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Comme chez Soi celebrates its 96th anniversary
Made in Brussels
" Georges created Comme chez Soi, Louis developed it and gave it a style. Pierre drove it to the summit of gastronomy, and Lionel offers today a subtle blend between innovation and know-how "
On the 19th June 1926, Georges Cuvelier, originally from the Borinage region whom wanted to avoid working in the mines, founded Chez Georges, a small neighbourhood restaurant
at 137 boulevard Lemonnier. The restaurant was a success through the production of some great and delicious food. One of their regulars never ceases to remind the Chef upon her visits: « Georges, chez vous, on mange comme chez soi ». An expression that quickly became the house’s trademark.
At that time, the restaurant’s brigade was modest: it consisted of a « small » cook and a waitress. Georges Cuvelier’s wife, Héléna, made the sauces, his mother and mother-in-law cleaned, peeled, washed and did the heavy lifting. Georges on-the-other hand was everywhere, he did the food shopping and helped in the kitchen or dining room, as and where it was needed. Simone, their daughter, she was going to school, did her homework, followed by helping her grandmothers, cleaning the mussels in the cellar, which could go on sometimes until midnight. A year after opening, Georges took over the kitchen and created the famous sole au Riesling while his daughter Simone, who was thirteen and a half, « took over » the dining room. Together with Héléna and the two grandmothers, the entire Cuvelier clan set out to conquer the Brussels gourmet scene.
Ten years after the opening, in 1936, Simone, who often accompanied her father on shopping trips, fell in love with a butcher's assistant from the Bogaerts butcher's shop near the Bourse. She became engaged to Louis Wynants and the restaurant moved to its present location on Place Rouppe.
Louis' moral and professional qualities quickly made him an indispensable
link to Comme chez Soi. A cook by nature and a wine enthusiast, the impetus he gave to the new restaurant was impressive. More and more prestigious customers came to discover Louis Wynants' tasty specialties with delight.
It was under his influence that Comme chez Soi took the road to haute gastronomy. Amongst other specialties, we owe him the creation of the
sole cardinal, lobster in his own way, pig's trotters or delicious
crepinettes with truffles.
In March 1939, Simone gave birth to a little boy named Pierre, who was destined to make the career he is now known for.
In 1961, when Georges passed away, Louis and Simone found themselves in charge of a busy restaurant, but also had to deal with Pierre's education and his remarkable indifference to the school curriculum.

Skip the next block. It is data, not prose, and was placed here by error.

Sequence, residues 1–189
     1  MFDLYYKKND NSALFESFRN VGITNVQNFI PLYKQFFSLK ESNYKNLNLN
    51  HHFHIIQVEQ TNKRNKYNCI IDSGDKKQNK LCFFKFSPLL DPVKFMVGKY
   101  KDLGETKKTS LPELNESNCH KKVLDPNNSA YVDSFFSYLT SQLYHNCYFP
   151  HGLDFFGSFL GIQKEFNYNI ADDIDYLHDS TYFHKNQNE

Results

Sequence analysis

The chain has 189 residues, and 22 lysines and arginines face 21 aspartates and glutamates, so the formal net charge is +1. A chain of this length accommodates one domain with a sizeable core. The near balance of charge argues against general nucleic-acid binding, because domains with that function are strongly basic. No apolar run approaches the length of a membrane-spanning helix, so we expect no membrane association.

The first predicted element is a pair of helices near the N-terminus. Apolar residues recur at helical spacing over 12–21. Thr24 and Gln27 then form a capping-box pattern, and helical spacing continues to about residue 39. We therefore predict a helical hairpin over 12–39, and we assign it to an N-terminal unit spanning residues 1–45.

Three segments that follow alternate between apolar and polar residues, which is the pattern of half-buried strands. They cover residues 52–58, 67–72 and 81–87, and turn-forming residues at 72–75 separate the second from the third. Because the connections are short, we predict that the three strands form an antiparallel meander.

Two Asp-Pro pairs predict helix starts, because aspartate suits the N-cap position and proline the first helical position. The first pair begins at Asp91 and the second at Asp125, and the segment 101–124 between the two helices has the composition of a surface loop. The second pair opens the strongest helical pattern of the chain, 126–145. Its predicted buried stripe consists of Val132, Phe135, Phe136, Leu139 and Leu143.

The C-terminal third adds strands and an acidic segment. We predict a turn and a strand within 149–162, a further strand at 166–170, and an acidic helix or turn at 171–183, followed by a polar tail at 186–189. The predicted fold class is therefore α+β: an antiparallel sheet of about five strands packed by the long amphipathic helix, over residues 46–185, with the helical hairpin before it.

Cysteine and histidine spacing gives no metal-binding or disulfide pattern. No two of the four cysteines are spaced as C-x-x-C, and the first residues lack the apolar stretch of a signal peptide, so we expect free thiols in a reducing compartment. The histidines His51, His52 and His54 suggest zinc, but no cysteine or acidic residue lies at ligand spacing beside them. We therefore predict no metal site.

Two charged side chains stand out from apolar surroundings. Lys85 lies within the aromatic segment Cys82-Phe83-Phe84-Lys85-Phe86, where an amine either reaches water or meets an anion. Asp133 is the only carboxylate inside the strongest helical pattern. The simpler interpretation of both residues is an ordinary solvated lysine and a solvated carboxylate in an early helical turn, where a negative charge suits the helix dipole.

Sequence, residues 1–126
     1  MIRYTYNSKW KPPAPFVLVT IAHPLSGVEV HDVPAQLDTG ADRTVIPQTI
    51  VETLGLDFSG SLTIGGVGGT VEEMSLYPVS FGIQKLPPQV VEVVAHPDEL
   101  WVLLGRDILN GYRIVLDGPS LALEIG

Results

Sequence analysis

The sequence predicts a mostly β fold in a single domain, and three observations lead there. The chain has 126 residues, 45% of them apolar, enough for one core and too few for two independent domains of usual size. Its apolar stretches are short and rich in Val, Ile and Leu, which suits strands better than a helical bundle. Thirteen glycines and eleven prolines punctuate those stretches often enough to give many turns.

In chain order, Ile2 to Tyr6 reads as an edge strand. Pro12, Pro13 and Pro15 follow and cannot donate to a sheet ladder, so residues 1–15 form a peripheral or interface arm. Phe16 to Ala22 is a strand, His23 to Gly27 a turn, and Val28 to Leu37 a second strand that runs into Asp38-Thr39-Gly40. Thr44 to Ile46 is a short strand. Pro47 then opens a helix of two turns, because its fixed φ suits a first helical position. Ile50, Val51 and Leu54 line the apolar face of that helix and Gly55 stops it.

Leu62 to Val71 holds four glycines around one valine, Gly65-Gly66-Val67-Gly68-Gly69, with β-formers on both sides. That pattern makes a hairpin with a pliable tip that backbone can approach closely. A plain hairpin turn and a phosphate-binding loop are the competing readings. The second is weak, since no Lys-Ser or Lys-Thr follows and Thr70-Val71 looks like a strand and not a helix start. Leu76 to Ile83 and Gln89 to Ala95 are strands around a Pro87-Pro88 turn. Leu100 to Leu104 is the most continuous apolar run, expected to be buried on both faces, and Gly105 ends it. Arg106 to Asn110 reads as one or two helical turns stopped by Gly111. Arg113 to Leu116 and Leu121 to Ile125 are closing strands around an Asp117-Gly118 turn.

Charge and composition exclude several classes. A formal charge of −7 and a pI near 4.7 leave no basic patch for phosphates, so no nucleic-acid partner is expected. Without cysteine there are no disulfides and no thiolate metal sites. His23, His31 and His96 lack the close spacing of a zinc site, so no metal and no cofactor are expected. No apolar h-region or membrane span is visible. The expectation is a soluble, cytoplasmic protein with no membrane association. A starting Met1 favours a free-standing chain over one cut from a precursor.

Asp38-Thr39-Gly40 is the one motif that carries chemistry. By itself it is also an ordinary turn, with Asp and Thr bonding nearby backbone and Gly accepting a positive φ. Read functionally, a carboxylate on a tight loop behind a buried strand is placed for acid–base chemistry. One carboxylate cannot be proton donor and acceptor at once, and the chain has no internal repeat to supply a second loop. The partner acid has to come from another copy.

Faced with his son's modest performance, Louis Wynants sent him to a well-known hotel school in the Brussels area. This student's performance did not improve and he was even forced to leave the school under the orders of the headmaster, who blindly considered him a good-for-nothing cook.
This time, Louis got angry and decided that Pierre would work in the family restaurant from now on. He started off by washing the dishes. Later, he worked in the dining room, being watched from the corner of his father eye’s, who did not allow him to make any mistakes. At the age of 16, Louis decided to teach his son to the famous Maixent Coudroy at the Savoy and he stayed there for three and a half years. Pierre proved himself by putting all his heart and energy into his apprenticeship. As soon as his day’s at the Savoy were over, he went give a hand at the excellent Georges Michel restaurant « Auberge Alsacienne » in Kraainem. Pierre finally founded his way in.
At the end of the 1950s, Pierre left to do his military service in the navy. Meantime, Father Louis Wynants, used that time to make great contacts in the field of fine cuisine and wine.
After his demobilisation, Louis sent his son Pierre to England to learn the language for 3 months before bringing him back home to work with Raymond Henrion and his wife at the Moulin Hideux in Noirefontaine. After 7 months with this great and unanimously respected chef, Pierre headed to Paris where a position with Raymond Olivier, who was enthroned at the Grand Véfour in the Palais Royal, awaited him. He worked there for several months under the implacable eye of the Chef, then took advantage of the holidays to introduce himself to Claude Terrail at the Tour d'Argent, where he also did an internship. He finished his career in the kitchens of the Château du Belvédère, serving the Princes of Liège, before returning to Place Rouppe in 1961, at the age of 22.
Stronger than ever, father and son now work as a duo, creating wonders at Comme chez Soi. Louis continually improves the menu, especially the wine list,
guided by his advisor and supplier Jules Vienne.